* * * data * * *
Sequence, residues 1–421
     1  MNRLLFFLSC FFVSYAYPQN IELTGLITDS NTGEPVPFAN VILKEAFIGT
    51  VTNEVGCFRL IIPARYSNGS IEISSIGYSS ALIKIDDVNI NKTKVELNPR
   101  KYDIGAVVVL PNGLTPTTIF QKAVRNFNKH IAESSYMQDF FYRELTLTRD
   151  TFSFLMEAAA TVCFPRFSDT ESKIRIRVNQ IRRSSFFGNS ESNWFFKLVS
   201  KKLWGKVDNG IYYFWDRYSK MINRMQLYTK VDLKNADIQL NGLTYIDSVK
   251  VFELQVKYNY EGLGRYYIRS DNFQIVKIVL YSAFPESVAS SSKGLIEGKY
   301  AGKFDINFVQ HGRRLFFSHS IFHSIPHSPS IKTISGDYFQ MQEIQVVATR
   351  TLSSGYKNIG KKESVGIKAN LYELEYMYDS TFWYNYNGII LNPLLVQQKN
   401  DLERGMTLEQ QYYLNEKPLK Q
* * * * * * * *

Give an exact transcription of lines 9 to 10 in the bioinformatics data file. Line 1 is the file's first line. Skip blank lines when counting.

   351  TLSSGYKNIG KKESVGIKAN LYELEYMYDS TFWYNYNGII LNPLLVQQKN
   401  DLERGMTLEQ QYYLNEKPLK Q